HOUSTON, Texas (KTRK) -- A month ago, local health experts and politicians blasted Gov. Greg Abbott's decision to end the mask mandate. But so far, COVID-19 numbers continue to decline.
Texas is open for business. There are no restrictions, and there's no statewide mask mandate. Despite this, neighbors say they haven't noticed much of a difference.
"So far it's been good," said Miguel Gutierrez of Houston. "There are still some places that hold it, but I think everyone should still have the mask on."
"Most of the people are doing the responsible thing. But we see a lot of people with the mask down under their chin, under their nose," said Tim Bryant, who lives in Pearland.
SEE ALSO: Abbott's order relaxing rules stirs fear of another COVID-19 spike
The restrictions ended four weeks ago on Wednesday. The announcement had local health experts and politicians criticizing Abbott. Since then, COVID-19 numbers have improved.
"I still disagree with lifting the mask mandate, but nevertheless, things are good," said Houston Health Authority, Dr. David Persse.
Since the state fully reopened, there are 1,520 fewer COVID-19 patients across Texas. According to the New York Times, the average daily case number has fallen by 1,795 since March 10.
In the Houston area, the Texas Medical Center has 352 fewer patients, and the daily case count has dropped by 301. Experts believe trends are improving because Texans are still wearing masks and getting vaccinated.
"I think right now, Houstonians have a reason to be hopeful," Persse said. "Don't be overconfident. If you haven't received your vaccine yet, go and get your vaccine. That's the way out of this thing for good, is for as many people to get vaccinated as possible."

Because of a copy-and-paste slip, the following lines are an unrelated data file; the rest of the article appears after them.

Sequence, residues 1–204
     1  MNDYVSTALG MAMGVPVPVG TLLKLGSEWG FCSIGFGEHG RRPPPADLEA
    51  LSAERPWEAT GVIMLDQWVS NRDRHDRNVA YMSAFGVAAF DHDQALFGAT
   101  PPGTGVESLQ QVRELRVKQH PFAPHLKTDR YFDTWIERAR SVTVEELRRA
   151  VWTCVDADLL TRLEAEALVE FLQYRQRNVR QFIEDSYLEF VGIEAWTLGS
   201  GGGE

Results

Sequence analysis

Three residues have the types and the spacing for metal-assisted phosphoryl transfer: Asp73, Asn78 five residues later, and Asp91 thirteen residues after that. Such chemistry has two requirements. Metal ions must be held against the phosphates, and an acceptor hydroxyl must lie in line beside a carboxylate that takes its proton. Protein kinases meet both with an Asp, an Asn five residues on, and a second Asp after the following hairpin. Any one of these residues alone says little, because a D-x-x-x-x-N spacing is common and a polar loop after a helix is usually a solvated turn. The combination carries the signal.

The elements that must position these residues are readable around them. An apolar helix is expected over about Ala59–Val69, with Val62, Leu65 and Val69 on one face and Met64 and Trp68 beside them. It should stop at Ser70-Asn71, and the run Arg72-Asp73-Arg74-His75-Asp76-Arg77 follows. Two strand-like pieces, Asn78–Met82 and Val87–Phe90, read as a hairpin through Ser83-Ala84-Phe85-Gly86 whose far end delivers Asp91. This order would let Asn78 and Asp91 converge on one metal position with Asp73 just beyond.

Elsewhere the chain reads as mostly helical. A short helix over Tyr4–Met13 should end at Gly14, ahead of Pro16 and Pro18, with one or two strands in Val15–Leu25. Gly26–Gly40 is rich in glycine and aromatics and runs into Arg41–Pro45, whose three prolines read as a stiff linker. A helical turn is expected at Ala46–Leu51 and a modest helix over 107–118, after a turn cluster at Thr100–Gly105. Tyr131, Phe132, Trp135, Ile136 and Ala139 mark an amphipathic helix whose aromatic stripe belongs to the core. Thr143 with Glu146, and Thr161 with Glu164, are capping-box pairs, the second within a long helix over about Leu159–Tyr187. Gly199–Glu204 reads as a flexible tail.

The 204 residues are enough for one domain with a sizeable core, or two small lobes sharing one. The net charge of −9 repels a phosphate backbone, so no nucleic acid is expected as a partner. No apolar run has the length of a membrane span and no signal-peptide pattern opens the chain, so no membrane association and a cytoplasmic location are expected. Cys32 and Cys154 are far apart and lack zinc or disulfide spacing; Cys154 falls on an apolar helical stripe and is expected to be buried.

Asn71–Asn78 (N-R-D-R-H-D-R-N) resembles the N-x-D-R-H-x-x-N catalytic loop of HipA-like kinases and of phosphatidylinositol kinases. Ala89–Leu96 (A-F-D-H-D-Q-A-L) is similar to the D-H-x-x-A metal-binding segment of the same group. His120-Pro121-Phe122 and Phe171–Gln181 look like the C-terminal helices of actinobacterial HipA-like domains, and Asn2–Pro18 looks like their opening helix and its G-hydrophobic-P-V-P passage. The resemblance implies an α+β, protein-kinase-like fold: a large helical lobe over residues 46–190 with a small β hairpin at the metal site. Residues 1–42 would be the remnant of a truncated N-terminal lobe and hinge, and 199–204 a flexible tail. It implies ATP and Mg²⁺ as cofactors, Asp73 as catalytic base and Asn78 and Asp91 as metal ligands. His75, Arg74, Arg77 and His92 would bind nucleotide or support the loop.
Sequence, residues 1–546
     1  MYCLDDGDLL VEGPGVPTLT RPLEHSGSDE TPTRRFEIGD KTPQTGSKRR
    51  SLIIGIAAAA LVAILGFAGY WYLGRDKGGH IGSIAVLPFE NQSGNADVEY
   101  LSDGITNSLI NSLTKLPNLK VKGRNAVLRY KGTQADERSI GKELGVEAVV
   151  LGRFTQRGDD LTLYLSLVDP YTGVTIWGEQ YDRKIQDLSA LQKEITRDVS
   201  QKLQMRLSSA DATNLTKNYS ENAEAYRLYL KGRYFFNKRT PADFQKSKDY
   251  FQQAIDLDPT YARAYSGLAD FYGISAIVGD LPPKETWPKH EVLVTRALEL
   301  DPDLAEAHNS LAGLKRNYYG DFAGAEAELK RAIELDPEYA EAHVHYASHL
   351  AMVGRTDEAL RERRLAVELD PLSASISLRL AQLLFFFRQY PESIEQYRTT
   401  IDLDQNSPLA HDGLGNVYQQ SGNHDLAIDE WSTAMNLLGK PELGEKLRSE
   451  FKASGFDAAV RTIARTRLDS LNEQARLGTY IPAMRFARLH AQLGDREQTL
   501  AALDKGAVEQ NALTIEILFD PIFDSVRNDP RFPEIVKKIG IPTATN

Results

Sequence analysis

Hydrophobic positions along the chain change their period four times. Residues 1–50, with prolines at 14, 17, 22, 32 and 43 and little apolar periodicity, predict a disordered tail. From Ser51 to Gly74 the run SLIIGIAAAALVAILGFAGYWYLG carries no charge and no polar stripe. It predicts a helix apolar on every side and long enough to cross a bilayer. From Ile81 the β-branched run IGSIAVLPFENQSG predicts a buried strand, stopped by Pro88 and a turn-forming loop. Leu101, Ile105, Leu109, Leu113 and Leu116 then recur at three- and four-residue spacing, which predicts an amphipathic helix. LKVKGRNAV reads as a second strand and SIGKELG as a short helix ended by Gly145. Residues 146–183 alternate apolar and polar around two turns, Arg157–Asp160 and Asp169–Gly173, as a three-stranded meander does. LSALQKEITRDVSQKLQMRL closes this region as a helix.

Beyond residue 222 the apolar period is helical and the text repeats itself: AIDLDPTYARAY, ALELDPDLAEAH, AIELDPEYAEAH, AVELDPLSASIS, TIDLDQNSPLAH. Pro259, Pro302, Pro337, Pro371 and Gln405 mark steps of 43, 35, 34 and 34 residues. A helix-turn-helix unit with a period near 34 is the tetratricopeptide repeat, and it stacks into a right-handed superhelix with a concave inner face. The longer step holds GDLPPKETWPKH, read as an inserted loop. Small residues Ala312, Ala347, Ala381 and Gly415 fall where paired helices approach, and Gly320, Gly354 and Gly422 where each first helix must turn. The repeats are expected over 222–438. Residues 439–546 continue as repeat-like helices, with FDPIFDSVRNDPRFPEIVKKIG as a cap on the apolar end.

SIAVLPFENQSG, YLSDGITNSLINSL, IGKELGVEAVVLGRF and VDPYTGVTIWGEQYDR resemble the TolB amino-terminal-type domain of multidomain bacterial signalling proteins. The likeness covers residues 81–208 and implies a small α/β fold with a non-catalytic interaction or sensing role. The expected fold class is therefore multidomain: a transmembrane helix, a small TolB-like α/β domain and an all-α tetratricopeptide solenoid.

Over the month, there's been a dramatic shift in who's testing positive in Houston and Harris County. A month ago, about 20% of cases came from people 60 and older.
As of April 7, it's zero percent. The number has shifted to younger people, with children accounting for 25% of new cases.
Despite dropping numbers, Harris County Judge Lina Hidalgo said the COVID-19 threat meter remains in red, which means "stay home." She said there's a movement to change this, and it could come soon.
Hidalgo was one of the governor's harshest critics after the mask mandate was removed, ABC13 asked her about the latest data to see if she's changed her mind.
"I hope I'm wrong, and when I said it's too soon, that it turned out to be perfect timing," Hidalgo said. "The truth of the matter is, we don't know yet. We don't know because it takes about a month and a half from when there's been a reopening. When you look historically that's when things begin climbing up. Then it takes longer for the numbers to really worsen."
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Month after TX reopened, numbers continue to decline, but local health experts urge caution
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